New York Times
January 4, 2006


By Thomas L. Friedman

The year 2006 is just four days old, but I'm already prepared to nominate the natural resource of the year, the one that will have the most decisive impact on international relations -- and that is undoubtedly oil.

Look at all the global trends involving oil (or gas) today, and they are all bad: the former leader of Germany gets voted out of office and goes to work for the president of Russia, running a pipeline company owned by Russia. The oil-for-food scandal tarnishes the U.N. The president of Iran, feeling so emboldened by the billions of dollars flowing into his country thanks to $60-a-barrel oil, engages in repeated rants about how the Holocaust is a myth. Vladimir Putin's oil-fueled government in Russia steadily erodes civil liberties at home, while using its energy clout abroad to try to punish Ukraine and to deflect U.N. pressure on Syria for its murderous campaign against Lebanese democrats and on Iran for its work to develop a nuclear bomb. I could go on. Do you have all day?

If you look at these trends, three things come to mind: They are all negative, they are all going to get worse with another year of $60-a- barrel oil, and the only force on the planet with the will and the way to neutralize their worst effects is America.

But here's the rub: America's refusal to have a serious energy policy makes these problems only more severe, and its refusal to have a serious entitlement policy -- reforming Social Security and Medicare before they totally devour the U.S. budget -- is only going to sap America's ability to play the global governing role that is so necessary for world stability.

To put it another way, our energy gluttony is strengthening the worst forces in the world and our entitlement gluttony is going to weaken our capacity to deal with those forces. As the Johns Hopkins University foreign affairs specialist Michael Mandelbaum puts it: "The greatest threat to America's role in the world today is not China. It's Medicare."

In a smart and original new book, "The Case for Goliath: How America Acts as the World's Government in the 21st Century," Mr. Mandelbaum argues that while U.S. foreign policy is hardly perfect, it is America -- through its vast military deployments, diplomatic engagements and vital role in buttressing the global economy and its rules -- that provides the basic governance that keeps the world stable and on a decent track.

Most countries in the world like this situation, he contends. They like it because they know that the U.S. is not a predatory power, so they are not afraid of the order it provides. They like it because this global order is helpful to every country in the world, but the cost of it is borne largely by U.S. taxpayers. And they like it because they can criticize the U.S. and still enjoy all the benefits it provides.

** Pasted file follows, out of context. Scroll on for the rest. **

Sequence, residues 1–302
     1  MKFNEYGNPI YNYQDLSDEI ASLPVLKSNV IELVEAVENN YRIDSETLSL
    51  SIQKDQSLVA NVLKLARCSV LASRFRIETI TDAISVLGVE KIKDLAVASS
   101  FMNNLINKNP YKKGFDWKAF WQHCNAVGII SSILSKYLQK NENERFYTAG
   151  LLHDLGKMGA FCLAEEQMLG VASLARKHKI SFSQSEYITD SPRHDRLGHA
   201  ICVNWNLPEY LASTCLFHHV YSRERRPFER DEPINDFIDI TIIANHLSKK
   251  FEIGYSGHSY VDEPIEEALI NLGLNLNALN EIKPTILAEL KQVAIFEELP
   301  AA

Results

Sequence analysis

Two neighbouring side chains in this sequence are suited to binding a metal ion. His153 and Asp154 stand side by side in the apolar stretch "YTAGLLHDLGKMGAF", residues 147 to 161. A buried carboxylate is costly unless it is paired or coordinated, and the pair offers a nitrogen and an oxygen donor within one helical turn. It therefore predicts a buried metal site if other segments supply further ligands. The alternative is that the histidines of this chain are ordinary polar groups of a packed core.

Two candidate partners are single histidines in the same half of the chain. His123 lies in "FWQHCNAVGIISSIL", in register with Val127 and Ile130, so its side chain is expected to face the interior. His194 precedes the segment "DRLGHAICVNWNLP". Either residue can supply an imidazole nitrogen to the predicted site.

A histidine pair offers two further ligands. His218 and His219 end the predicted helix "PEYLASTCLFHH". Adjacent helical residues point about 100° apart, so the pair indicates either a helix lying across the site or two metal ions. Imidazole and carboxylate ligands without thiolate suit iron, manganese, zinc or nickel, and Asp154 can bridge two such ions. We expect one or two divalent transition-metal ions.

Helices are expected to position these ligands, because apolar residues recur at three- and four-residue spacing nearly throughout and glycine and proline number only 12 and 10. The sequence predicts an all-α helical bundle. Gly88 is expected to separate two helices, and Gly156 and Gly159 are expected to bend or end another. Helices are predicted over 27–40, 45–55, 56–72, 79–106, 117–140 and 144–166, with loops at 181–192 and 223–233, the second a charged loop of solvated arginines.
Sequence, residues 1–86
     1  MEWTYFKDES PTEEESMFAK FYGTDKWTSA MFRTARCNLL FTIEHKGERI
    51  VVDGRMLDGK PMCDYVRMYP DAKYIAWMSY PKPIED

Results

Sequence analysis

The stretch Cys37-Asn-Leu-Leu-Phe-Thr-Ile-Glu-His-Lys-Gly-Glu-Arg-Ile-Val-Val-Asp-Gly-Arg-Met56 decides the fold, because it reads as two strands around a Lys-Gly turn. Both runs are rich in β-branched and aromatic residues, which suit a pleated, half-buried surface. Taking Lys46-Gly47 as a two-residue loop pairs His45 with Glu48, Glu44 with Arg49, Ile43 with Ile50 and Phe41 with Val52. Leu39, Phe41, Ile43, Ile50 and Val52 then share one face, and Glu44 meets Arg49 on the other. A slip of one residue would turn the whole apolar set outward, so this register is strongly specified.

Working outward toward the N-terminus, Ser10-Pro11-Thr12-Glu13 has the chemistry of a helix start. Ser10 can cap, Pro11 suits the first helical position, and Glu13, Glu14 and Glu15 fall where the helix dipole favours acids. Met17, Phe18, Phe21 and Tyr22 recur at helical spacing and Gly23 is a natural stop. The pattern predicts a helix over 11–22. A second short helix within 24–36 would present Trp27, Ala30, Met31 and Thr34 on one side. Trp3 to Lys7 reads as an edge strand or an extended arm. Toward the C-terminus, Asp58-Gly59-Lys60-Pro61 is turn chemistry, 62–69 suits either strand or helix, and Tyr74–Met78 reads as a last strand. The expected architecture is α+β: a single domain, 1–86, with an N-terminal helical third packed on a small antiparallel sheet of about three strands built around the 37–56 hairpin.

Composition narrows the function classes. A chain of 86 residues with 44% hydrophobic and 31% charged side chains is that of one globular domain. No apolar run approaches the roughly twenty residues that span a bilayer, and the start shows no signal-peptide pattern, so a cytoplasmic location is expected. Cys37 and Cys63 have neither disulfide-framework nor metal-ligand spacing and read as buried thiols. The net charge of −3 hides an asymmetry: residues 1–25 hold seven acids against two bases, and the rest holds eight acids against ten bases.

The best evidence for all this, Mr. Mandelbaum notes, is the fact that no military coalition has ever formed to counter America's global governing role -- as happened with other hegemonic powers in history.

In Mr. Mandelbaum's view, America "is not the lion of the international system, terrorizing and preying on smaller, weaker animals in order to survive itself. It is, rather, the elephant, which supports a wide variety of other creatures -- smaller mammals, birds and insects -- by generating nourishment for them as it goes about the business of feeding itself."

No other country could play this crucial stabilizing role. But its continuation depends on "American taxpayers' being willing to keep paying for it," Mr. Mandelbaum said -- and that gets us back to our runaway entitlements.

USA Today recently quoted David Walker, the U.S. comptroller general, as saying we are about to be hit by "a demographic tsunami" that will "never recede." The baby boomers total 77 million, and their first wave turns 60 this year. Unless we trim the Medicare and Social Security benefits promised to these boomers, the paper noted, America's "national debt will grow more than $3 trillion through 2010, to $11.2 trillion. The interest alone would cost $561 billion in 2010, the same as the Pentagon [budget]."

The same as the Pentagon's! So either Social Security and Medicare shrink or the Pentagon shrinks -- because higher taxes seem to be out of the question for now. If history is any guide, Americans will prefer Social Security and Medicare over paying to make the world safe for China, India, Russia and Iran to pursue their interests.

If so, the world may soon test out one of the most important theses of Mr. Mandelbaum's book: that the greatest threat to global stability is "not too much American power, but too little."